Let's say the protagonist watches a video from a channel like "Kurzgesagt – In a Nutshell", how would you go about describing exactly what the protagonist is seeing instead of just showing the audio transcript of the video without the visuals? I've never seen it done, so I am not sure how to do it properly. They usually describe a very small portion of what's seen in the video, or even ignore it completely and just show you the audio transcript.

Could you show an example, or write an example so I can see how it's done, or how it can be done?

  • 4
    Why do you need a full description? Does the whole contents of the video impact the story? Does the protagonist react strongly to many different parts of the video? Are they talking back to the video as it plays? Usually I would say that you only need to include the parts that are relevant and can gloss/skip over the other parts through narration. Commented Jun 29, 2022 at 15:32
  • I am thinking every little detail needs to be shown so the readers see exactly everything the character sees.
    – Sayaman
    Commented Jun 29, 2022 at 15:40
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    But why do they need to see exactly everything? It is common in stories to not include absolutely everything that is being seen. A character who is looking at a bookshelf does not usually result in just a listing of all the book titles (just the ones that affect the character or are important to the plot - and possibly a few other for feel). Another example where not everything is relayed is if a character is walking through a crowd we don't usually get a complete listing of the clothes and colours of every person they pass and see. Commented Jun 29, 2022 at 15:51

2 Answers 2


One option is to shift the narration and point of view to the documentary itself after establishing that this is what the character is watching. So rather than narrating your protagonist watching a screen, you're simply narrating the events of the documentary directly.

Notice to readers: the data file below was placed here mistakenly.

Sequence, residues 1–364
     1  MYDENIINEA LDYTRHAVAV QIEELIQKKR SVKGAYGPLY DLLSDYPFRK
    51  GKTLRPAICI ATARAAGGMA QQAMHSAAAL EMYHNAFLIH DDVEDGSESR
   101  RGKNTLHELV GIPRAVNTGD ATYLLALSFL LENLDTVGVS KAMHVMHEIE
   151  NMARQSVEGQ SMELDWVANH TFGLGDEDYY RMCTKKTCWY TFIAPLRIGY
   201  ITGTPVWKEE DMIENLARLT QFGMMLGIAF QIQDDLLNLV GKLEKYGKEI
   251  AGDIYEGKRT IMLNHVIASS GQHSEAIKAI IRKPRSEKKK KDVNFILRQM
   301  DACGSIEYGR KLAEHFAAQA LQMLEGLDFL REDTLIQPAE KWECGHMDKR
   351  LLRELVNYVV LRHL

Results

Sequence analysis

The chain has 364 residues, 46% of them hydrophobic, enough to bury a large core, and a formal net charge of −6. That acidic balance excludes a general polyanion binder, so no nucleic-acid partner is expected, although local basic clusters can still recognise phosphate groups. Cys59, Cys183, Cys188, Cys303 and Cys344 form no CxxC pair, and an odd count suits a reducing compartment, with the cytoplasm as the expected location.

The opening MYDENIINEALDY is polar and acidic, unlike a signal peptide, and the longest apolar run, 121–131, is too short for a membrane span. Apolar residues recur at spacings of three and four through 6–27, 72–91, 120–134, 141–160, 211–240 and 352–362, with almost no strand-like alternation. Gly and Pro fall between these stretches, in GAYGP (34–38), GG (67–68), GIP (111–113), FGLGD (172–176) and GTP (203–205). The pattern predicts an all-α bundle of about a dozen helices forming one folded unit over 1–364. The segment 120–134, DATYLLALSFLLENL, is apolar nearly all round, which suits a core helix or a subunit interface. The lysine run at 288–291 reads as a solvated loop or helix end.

This is similar to the logic of excerpting long passages of text in a block quote rather than laboriously wrapping several long sentences separately in quotes with proper attributions. As with the block quote though, even though it is intended for long-form reference, you don't really see it used to quote the entire text of something longer than a poem or very short bit of prose or argument. So if this is a very long documentary, you might want to reconsider dropping the entire thing in your story. If not though, I still think this is the best method.

  • Could you give an example?
    – Sayaman
    Commented Jun 29, 2022 at 22:23
  • It's common in TV and films where someone is watching a screen to do this: you show what is on the screen as if the audience were directly watching the program, maybe starting by showing them watching TV then cutting directly to what is on TV. The same thing would work in comics, and I'm sure I've seen it.
    – Stuart F
    Commented Jun 30, 2022 at 11:35

You don't.

Think about how many details happen in your protagonist's world, constantly, that they are experiencing every day. For the story to fully cover everything your protagonist sees and hears in a day, that would require covering 24 hours of footage per day that the protagonist experiences.

Showing everything in perfect detail that your protagonist is seeing in a documentary is just a subset of that. You don't want to ever show every detail of what a character sees/hears/experiences just for the sake of showing every detail.

Instead, only show the snippets of what they're watching that are relevant to the story you are trying to tell. What's relevant to the story? Well, you should know why you have them watching this documentary as part of this story. What purpose does it serve? Once you know that, then that pretty much answers the question for you. Only show details that further that purpose.

Example: maybe the purpose of them watching the documentary is to give a sense of foreboding. Later in the novel they're going to be mauled by an alligator and so you have them watching a documentary about alligators. In this case the purpose of you having this documentary in the story is a sense of foreboding; therefore: only show details that give a sense of foreboding. Maybe a snippet talking about how the alligator can slip up on people unawares. Footage of its jaw crushing a massive bone. Something like that.

Hope this helps.

  • 1
    Exactly! Including every exacting detail inundates the reader with information that distracts from the plot and purpose of the information and would likely trash pacing. Instead focusing on the key details that are important and putting in some extras for flavour or background or context is the better approach. Commented Jun 30, 2022 at 19:27

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